Shares of casino operators got a big boost Monday, after Macau officials announced that an easing of the post-COVID travel restriction policy would begin in the coming weeks.
News surfaced over the weekend that Macau was OK’d to resume issuing electronic visas for individuals and tour groups around late-October to early-November. J.P. Morgan analyst Joseph Greff said that would be the “first meaningful” easing of travel restrictions to the gambling center since the start of the COVID-19 outbreak.
“This positive development isn’t something the industry or investors were expecting and so we look at this policy news as [a] sizable positive for a sector that has been viewed as very tough to invest in by the buy-side,” Greff wrote in a note to clients, for two key reasons:
“Miserable” near-term operating environment in which recent gross gaming revenue run rates are only about 10% of pre-pandemic levels.
The lack of anyone’s ability to reasonably predict when travel mobility would start improving between mainland China, Hong Kong and Macau.
Shares of Wynn Resorts Ltd.
shot up 12.7% to pace the gainers in the S&P 500 index
and Las Vegas Sands Corp.’s stock
surged 12.4% to place second in the benchmark index.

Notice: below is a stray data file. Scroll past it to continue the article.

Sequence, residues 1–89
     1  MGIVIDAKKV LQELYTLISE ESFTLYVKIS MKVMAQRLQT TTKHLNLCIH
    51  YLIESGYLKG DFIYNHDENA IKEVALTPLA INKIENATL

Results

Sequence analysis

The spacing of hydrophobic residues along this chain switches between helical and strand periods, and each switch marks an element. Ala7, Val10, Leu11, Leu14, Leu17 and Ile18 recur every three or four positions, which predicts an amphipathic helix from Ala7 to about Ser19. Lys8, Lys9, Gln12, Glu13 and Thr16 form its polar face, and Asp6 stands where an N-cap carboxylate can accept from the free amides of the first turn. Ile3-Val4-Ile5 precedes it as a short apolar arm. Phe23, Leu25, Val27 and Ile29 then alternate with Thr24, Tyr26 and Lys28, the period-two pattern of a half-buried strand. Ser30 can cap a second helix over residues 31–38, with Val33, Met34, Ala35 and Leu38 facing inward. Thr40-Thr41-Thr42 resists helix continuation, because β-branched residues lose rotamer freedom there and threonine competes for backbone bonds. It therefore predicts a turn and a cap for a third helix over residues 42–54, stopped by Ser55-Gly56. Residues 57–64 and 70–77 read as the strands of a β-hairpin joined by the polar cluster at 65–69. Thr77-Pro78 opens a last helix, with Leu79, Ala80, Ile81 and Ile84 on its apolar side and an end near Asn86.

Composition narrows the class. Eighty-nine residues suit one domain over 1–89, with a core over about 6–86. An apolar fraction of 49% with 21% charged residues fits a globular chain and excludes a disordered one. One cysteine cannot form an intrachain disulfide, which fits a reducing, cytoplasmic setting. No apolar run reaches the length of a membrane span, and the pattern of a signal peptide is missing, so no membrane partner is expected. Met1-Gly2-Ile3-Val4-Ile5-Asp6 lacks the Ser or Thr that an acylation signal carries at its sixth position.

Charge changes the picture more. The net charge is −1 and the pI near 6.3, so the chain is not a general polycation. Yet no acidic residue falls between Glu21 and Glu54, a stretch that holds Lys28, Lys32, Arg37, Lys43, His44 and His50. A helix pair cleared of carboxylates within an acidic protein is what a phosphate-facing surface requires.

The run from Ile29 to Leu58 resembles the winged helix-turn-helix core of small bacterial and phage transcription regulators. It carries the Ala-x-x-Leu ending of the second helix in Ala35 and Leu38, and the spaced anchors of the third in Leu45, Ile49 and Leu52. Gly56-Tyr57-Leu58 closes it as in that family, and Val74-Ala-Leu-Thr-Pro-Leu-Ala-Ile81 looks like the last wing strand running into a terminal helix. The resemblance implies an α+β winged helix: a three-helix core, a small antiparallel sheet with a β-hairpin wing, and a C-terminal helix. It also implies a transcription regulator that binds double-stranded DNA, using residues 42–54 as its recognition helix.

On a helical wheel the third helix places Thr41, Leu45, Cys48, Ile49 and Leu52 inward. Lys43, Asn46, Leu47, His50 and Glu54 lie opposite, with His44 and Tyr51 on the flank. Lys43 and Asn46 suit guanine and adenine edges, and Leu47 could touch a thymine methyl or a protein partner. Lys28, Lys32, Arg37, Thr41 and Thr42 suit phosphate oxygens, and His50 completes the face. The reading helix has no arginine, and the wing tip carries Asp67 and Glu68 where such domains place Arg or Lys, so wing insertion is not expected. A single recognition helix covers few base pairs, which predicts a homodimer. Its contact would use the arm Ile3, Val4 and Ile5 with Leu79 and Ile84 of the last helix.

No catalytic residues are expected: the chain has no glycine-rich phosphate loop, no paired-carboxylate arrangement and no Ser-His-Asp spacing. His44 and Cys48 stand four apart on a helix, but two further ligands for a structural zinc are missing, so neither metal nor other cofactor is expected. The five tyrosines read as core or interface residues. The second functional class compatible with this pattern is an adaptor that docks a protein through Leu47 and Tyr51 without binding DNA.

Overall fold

Elsewhere, Melco Resorts & Entertainment Ltd. shares
rocketed 28.2% to a five-month high and MGM Resorts International’s shares
Greff said that although the e-visa news is positive for all Macau-centric stocks, he likes Las Vegas Sands (LVS) the best, as he views it as a play, not just for the Macau recovery, but also for expected estimate increases for its Marina Bay Sands property in Singapore.
“We’d expect incremental capital return as both of its markets experience a recovery (something that should distinguish LVS from the others),” Greff wrote.
For the second quarter, LVS reported total Macau-based revenue of $374 million, or 35.8% of total revenue, while revenue from the Marina Bay Sands total $679 million. For Wynn, total Macau operations revenue was $117.2 million for the quarter, or 12.9% of total revenue, while MGM’s China revenue of $143.0 million was 4.4% of total revenue.
“Of course, there likely will be fits and starts with COVID outbreaks, but this news has to be a positive for a sector that has experienced massive multiyear underperformance where sentiment can be described as negative to apathetic,” Greff wrote.